Friday, March 23, 2012

Profile 64: FINAL - "Kingfish One" as flown by Leo Thorsness



DONE!  And for a guy who normally loathes his own work, I'm surprised.  It's pretty good.

You might be interested to know that this very F-105F survived the Vietnam War, which, if you read the stats in a prior post, is a rare thing.  According to one statistician, an F-105 pilot in 1967 Vietnam had a 1:4 chance in completing his required tour of 100 missions.  One could say that "301" was fortunate to have made it.

However, I don't think the word "fortunate" could be used to describe what happened to Leo.  Barely a week and a half after the mission that would result in Leo's Medal of Honor,  he and Weapons Officer Harold Johnson experienced a dramatic shock. They were shot down and became Prisoners of War.

I've only talked to a handfull of pilots who have been POWs and every time, it's a gobsmack.  I. Cannot. Imagine.  And when it came time to talk to Leo about his time in captivity, I blanked.  Having just finished his biography the night before our first conversation (click here), I was at a loss for words.  It seemed in terrible taste to ask, "So, Leo.  Tell me again about being tortured."

Rehashing Leo's POW horrors do no good anyway.   It's common knowledge that people can be horrible - do the fine points really matter?!   Plus I had a finite amount of time with the guy. I wasn't going to waste it by dignifying depravity with attention.

Anyway...in the course of events, we got to the point of signing the prints of my artwork and he asked me if I would mind if he signed them with the words, "God bless you."

Well, of course not!  He could have signed them with his favorite potato salad recipe if he wanted.   But at first, I was a little uninspired at what appeared to be a hackneyed platitude.  Kind of like how most of us say, "Fine" after being asked how we're doing, regardless if we're truly "Fine" or not.  It's white noise, right?

Ok. Stop reading for a second and grab a pencil or pen.

(I'll wait)

Now look at the little picture below.  You've probably figured out it's the alphabet, missing the letter "K."   That's not important right now*.  It's actually a code key.  Got your pencil/pen ready?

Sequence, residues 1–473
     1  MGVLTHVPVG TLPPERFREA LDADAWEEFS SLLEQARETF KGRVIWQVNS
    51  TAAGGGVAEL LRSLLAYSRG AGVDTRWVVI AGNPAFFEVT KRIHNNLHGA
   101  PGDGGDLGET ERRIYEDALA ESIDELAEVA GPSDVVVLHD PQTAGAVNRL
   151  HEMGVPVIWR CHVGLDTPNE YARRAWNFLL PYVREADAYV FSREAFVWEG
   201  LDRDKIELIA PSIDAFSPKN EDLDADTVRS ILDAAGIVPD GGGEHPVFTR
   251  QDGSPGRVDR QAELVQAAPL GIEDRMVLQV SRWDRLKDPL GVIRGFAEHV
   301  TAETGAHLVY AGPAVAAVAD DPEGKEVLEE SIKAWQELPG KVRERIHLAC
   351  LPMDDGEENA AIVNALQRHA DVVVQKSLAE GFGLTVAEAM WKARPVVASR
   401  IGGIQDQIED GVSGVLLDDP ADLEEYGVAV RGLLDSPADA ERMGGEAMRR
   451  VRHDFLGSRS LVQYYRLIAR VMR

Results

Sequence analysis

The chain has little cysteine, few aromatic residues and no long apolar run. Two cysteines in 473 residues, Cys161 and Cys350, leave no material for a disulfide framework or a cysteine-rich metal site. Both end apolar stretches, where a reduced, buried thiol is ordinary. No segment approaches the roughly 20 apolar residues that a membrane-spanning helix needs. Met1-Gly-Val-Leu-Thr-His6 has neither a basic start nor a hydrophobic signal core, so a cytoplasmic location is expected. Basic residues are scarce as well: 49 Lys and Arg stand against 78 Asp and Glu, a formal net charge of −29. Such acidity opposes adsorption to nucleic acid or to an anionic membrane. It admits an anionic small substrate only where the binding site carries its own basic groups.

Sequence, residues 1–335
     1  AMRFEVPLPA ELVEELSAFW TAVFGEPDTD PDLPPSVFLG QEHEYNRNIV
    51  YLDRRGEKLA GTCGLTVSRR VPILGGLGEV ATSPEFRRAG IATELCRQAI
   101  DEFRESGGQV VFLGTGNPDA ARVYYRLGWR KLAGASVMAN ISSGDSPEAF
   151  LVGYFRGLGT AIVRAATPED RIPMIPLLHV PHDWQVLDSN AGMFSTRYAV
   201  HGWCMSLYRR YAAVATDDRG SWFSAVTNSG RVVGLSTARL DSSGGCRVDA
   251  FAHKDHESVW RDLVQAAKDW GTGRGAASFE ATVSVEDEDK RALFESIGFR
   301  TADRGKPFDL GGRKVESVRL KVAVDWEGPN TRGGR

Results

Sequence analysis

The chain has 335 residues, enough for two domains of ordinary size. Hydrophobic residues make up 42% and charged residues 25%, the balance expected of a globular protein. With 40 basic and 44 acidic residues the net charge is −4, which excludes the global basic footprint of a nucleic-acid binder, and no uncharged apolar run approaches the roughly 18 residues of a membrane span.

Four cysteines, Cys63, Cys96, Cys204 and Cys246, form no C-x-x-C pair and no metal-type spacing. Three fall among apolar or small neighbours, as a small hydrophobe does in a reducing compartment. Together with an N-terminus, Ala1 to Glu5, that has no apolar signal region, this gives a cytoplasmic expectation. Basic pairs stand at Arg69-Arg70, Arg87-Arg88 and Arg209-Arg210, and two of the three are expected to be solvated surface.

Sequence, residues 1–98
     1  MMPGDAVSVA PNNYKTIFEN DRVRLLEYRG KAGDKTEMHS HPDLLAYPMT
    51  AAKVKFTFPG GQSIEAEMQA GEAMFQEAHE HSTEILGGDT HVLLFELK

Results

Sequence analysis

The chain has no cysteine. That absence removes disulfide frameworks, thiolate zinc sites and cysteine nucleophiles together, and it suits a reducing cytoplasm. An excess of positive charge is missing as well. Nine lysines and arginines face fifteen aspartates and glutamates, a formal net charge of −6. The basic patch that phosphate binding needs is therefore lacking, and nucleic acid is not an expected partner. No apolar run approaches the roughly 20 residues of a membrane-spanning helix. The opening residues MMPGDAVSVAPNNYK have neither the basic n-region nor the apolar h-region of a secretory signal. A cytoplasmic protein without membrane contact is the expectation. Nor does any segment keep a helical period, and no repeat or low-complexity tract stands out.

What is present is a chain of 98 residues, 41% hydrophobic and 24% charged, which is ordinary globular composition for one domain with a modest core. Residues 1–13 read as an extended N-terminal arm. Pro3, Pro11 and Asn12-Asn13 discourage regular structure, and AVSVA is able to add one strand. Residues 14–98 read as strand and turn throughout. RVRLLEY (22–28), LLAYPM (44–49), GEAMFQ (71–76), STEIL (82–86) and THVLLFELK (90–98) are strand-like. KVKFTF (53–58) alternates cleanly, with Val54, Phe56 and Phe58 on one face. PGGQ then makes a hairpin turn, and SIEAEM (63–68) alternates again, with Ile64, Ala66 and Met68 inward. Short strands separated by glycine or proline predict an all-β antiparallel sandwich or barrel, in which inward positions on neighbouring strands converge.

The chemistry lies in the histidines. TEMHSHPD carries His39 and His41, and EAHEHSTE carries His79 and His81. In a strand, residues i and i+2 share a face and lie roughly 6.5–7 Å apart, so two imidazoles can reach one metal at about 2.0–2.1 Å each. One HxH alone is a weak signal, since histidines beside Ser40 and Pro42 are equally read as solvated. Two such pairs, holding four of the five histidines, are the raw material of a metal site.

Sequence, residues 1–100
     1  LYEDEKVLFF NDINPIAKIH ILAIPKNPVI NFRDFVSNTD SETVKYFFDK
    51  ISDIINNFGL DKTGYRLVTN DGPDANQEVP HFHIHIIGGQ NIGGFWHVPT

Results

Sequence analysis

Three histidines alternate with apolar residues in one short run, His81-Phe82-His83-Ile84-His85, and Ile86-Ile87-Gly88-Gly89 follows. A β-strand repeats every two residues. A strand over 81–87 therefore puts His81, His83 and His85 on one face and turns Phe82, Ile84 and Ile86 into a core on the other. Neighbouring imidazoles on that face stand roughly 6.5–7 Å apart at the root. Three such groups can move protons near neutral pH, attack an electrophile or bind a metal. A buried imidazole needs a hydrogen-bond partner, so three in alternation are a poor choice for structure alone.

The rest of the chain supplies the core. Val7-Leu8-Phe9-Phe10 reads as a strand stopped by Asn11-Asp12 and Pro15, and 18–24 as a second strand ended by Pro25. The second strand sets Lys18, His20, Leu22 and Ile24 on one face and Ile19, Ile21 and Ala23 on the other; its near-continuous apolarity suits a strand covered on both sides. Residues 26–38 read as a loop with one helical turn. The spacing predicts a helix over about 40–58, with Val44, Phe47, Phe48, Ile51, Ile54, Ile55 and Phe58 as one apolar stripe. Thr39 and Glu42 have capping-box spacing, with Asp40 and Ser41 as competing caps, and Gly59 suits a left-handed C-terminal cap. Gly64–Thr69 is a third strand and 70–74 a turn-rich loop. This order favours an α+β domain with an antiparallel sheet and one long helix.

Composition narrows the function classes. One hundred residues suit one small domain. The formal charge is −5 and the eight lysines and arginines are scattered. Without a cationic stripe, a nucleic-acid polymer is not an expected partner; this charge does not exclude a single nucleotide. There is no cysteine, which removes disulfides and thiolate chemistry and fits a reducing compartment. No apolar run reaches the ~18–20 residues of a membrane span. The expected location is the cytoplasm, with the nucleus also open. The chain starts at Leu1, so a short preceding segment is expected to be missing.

Ok.  We're going to use the little graph to get a message from Leo.

Find the "G".   It's the second letter in the second row, second column.  So, take your pen/pencil and tap the edge of your desk twice.  "TAP TAP,"  then wait a moment and tap again.  "TAP TAP."  You just tapped out the letter "G."

Next, find the "B"  - first row, second column.   "TAP,"  wait a moment, "TAP TAP."

Now, find the "U" - fourth row, fifth column.  "TAP TAP TAP TAP,"  wait... "TAP TAP TAP TAP TAP."

What's it spell?  "GBU."

Now.  Imagine yourself in a small concrete cell, alone.  The air is dank, the floor is hard and the place reeks of human excretion.   There is no bed, there is no window.   The only people you've seen in the past year are those that inflict physical and mental pain.    "Tomorrow" means more of the same.  

And then, a series of rhythmic clicks hits your senses - maybe through your ears, maybe through the  concrete into your bruised skin.  It doesn't matter.  You know you're not...alone.

TAP TAP -  TAP TAP

TAP - TAP  TAP

TAP TAP TAP TAP -  TAP TAP TAP TAP TAP


TAP TAP - TAP TAP

TAP TAP TAP - TAP TAP TAP

GBU.  GN.

Or, as Leo knew - "God Bless U.  Good Night."

In spite of the hell they were in, the American POWs could still look beyond.  To me at least, that is Faith.

Amazing.  And it gets even more so because no one went into the infamous "Hanoi Hilton" (the nickname for the prison) knowing the POW tap-tap code.  It was taught - through the walls, without words, by others that were never seen.  And for those teachers of the tap-code? When they were caught, they were brutalized again.

Imagine it - to be in total want, and yet risk what little you have in order to stay true.

If this story impacted you like it did me, you've now been gobsmacked, too.

Today, we only have our allotted time.  There are forces that are going to conspire against our dreams, our will, our beliefs.   They come at us in the form of insurmountable odds, overwhelming circumstances or unshakable authority...

GBU, Leo.  I'm grateful for your example and hope to have learned from it.

TAP TAP TAP TAP - TAP TAP TAP TAP
TAP TAP - TAP TAP TAP
TAP- TAP
TAP TAP TAP - TAP TAP TAP
TAP - TAP TAP TAP*
TAP TAP TAP TAP - TAP TAP TAP


*The letter C stood for K in the POW code.